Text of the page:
- On average, telemarketers make around $10.50 per hour
- Job opportunities for telemarketers are decreasing
- Most telemarketers need a background in sales
What do telemarketers do?
Telemarketers get a bad rap as the annoying sales people that call during the middle of your dinner. While they may interrupt your delicious Salisbury steak and mash occasionally, the largest portion of telemarketing is done during normal business hours directly to businesses.
Telemarketers contact people to solicit sales by reading scripts and describing products. It's just like normal selling, only with telemarketing the shopping experience comes right to you. The end goal is the same: you pitch a product to a customer so well that they want to buy it. The rub here is that sometimes customers don't want the particular product you're advertising brought to them.
If telemarketing is in your future, you're going to need tough skin. When customers feel their privacy or personal time has been invaded, they can become frustrated and angry, so being able to defuse an explosive situation is an important part of the job.
How much do telemarketers make?
The average hourly pay for all telemarketers is about $10.50 per hour, but will vary by experience and location. Experienced telemarketers who successfully sell high-priced products can expect to earn up to $18 per hour.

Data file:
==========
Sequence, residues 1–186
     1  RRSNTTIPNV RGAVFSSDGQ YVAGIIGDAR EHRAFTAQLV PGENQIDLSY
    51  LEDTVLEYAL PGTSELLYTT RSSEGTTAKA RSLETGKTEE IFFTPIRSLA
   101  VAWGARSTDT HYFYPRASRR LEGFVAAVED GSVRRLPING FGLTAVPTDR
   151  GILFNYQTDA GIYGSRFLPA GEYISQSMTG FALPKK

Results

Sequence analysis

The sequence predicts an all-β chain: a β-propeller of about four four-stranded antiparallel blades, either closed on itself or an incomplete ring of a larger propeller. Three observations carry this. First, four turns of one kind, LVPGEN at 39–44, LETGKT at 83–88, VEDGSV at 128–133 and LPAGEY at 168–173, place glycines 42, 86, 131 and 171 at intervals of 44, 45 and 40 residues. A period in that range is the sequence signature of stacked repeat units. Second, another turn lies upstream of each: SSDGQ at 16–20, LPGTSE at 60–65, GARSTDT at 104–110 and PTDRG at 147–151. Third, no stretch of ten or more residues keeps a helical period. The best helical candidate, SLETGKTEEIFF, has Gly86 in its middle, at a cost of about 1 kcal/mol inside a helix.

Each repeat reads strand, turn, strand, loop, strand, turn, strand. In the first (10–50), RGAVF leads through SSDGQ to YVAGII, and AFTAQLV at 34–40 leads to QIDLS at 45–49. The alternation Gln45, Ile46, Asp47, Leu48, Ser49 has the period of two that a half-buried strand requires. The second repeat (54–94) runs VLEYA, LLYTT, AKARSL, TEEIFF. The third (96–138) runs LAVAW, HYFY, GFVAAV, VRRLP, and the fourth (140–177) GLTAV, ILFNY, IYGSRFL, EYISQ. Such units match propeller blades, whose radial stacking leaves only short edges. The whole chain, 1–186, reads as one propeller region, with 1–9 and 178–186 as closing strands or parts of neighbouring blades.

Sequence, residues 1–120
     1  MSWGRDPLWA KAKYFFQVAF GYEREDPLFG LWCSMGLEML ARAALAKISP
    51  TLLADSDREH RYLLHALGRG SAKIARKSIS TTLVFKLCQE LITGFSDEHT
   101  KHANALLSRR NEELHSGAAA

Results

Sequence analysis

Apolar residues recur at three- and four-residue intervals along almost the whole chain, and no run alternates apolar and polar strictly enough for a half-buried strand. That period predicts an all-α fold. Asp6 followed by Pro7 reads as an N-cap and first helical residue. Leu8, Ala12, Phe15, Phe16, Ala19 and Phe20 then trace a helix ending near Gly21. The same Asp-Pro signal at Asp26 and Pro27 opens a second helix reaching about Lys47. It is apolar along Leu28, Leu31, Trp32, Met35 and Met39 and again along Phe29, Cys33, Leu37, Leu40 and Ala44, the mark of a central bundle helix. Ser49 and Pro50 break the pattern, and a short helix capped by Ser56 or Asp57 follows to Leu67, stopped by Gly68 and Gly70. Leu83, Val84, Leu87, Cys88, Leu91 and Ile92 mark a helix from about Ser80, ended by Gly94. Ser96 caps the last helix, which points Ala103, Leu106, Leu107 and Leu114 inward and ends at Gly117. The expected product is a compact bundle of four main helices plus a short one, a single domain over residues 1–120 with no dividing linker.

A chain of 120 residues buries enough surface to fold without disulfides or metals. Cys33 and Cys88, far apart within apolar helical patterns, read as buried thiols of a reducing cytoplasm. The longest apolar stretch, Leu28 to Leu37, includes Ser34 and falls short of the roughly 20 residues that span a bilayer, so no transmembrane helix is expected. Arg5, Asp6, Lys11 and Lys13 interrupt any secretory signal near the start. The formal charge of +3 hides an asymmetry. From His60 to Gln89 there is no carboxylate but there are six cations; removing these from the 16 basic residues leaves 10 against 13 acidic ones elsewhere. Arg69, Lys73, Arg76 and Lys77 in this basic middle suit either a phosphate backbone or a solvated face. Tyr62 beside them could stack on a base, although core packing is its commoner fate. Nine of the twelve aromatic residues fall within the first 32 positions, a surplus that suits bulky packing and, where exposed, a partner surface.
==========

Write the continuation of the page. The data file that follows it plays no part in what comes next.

Education requirements will vary based on the company and product being sold. Some companies may require a bachelor's degree and extensive sales strategy training, while others may substitute relevant work experience for education.
Career paths for telemarketers
Advancement in the telemarketing field depends mostly on how successful you are in your position. Telemarketers who meet and exceed sales targets can be eligible for promotions into training and management positions.
The future of telemarketers
The BLS (Bureau of Labor Statistics) is expecting average growth for telemarketer positions. Because many companies prefer a more personal sales strategy, telemarketing has fallen out of favor. Job growth will remain steady for smaller and independent companies, because unlike larger manufacturers, they won't outsource sales positions.
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